Tuna Şare Ağtürk is an associate professor of classical archaeology and art history at Çanakkale Onsekiz Mart University in Turkey. Specializing in the art and archaeology of Asia Minor, she has extensively published on ancient dress and identity and on marble, ivory, and terracotta sculpture from Asia Minor. Her recent work in the Çukurbağ neighborhood of the modern city of İzmit has brought to light one of the most significant archaeological discoveries of the last 25 years in Turkey: a monumental imperial complex with brightly painted reliefs from Nikomedia, Diocletian’s capital of the Roman Empire.
As the director of Çukurbağ Archaeological Project, Şare Ağtürk assembled a multidisciplinary team and has been investigating these finds with new archaeometric methods. While at Radcliffe Institute, she is writing a book on the history of Nikomedia as the forerunner of Constantinople and the technical and iconographic assessment of the recent finds within the context of Roman art and architecture. The book will also include sections on the challenges of urban archaeology and cultural heritage preservation in Turkey.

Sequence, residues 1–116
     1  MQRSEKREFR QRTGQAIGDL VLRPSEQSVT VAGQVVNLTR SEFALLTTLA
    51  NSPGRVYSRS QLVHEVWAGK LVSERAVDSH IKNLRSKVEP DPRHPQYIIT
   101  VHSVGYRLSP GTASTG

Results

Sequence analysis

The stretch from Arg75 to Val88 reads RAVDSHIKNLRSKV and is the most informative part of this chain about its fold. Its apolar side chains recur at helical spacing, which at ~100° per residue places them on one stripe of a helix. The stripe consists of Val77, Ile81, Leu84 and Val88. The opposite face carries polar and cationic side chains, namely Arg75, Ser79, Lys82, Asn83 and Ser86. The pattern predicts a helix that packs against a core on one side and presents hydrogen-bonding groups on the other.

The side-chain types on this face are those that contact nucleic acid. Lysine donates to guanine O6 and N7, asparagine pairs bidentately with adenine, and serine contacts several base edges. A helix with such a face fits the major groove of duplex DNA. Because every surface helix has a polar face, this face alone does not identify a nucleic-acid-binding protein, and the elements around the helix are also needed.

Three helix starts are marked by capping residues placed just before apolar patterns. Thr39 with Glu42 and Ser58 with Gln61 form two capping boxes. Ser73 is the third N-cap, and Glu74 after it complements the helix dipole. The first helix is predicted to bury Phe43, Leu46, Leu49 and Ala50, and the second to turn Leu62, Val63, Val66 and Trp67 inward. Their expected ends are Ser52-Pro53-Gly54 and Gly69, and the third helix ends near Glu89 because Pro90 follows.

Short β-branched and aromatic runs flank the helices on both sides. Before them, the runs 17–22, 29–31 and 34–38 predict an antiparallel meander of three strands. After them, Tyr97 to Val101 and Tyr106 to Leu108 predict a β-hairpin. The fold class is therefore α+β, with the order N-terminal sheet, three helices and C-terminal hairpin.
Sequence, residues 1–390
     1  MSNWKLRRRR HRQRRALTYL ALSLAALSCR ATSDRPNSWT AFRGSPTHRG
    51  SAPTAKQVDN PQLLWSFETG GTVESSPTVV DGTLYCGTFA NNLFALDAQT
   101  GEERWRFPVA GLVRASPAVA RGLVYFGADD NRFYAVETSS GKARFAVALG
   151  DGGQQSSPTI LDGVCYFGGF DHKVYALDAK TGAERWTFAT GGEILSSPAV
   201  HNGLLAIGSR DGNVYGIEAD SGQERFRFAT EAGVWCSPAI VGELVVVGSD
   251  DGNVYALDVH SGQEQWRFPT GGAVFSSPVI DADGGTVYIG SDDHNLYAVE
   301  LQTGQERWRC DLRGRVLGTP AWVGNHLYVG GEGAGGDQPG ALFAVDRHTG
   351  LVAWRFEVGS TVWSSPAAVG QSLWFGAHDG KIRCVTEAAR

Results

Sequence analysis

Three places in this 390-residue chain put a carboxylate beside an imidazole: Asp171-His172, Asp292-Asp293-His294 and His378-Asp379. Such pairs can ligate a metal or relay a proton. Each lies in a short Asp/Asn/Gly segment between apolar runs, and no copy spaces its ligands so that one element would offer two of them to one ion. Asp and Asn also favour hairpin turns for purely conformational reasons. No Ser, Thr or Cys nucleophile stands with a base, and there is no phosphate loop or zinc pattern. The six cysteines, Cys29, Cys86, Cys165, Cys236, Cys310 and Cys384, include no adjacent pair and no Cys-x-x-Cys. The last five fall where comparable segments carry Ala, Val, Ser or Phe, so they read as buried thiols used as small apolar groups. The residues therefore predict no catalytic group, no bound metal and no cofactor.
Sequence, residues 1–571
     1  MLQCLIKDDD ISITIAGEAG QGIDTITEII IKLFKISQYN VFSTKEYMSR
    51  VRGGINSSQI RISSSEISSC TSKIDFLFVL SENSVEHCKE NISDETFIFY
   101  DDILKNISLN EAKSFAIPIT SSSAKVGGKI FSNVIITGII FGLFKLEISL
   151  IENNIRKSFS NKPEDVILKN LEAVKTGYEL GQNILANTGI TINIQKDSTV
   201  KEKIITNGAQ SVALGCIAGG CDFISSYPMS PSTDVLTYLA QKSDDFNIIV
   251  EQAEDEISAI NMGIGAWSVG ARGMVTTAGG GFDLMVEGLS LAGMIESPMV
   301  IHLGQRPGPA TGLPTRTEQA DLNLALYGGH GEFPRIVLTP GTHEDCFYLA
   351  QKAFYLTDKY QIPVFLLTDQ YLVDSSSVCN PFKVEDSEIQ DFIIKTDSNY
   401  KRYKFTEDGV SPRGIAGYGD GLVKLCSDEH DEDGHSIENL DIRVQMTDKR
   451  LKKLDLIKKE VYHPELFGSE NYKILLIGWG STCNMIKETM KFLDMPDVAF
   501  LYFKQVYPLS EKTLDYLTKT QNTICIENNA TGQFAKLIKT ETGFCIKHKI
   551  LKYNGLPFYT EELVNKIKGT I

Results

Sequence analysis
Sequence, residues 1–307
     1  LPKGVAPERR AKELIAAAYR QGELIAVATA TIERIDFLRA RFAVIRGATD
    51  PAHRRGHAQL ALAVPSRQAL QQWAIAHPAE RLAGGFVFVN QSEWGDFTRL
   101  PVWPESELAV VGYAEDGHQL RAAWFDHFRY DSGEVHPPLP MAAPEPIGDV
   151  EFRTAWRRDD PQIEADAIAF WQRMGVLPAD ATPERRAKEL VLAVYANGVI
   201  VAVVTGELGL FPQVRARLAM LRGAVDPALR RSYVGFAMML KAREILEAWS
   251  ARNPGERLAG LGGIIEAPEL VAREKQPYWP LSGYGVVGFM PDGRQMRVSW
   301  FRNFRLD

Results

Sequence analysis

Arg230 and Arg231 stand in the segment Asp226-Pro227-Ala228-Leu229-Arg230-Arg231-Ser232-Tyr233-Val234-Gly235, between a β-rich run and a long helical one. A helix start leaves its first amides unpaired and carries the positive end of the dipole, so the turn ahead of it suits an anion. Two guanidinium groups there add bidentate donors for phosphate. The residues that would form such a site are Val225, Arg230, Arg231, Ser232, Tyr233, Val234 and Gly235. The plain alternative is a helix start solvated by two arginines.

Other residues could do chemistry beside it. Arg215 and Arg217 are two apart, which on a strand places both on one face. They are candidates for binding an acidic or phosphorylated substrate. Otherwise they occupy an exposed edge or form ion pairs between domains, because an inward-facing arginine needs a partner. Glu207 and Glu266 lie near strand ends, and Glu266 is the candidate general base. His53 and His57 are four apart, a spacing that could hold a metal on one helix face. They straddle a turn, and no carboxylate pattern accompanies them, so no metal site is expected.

Şare Ağtürk studied archaeology and art history at Bilkent University, earned her PhD at Rutgers, the State University of New Jersey, and was a visiting postdoc at New York University’s Institute of Fine Arts. She has received several awards and fellowships, including from the Getty Foundation and the Scientific and Technological Research Council of Turkey. In order to create academic awareness for her Nikomedia discovery, she gave lectures at such institutions as Columbia University, the Louvre, and the Universities of Oxford and Cambridge.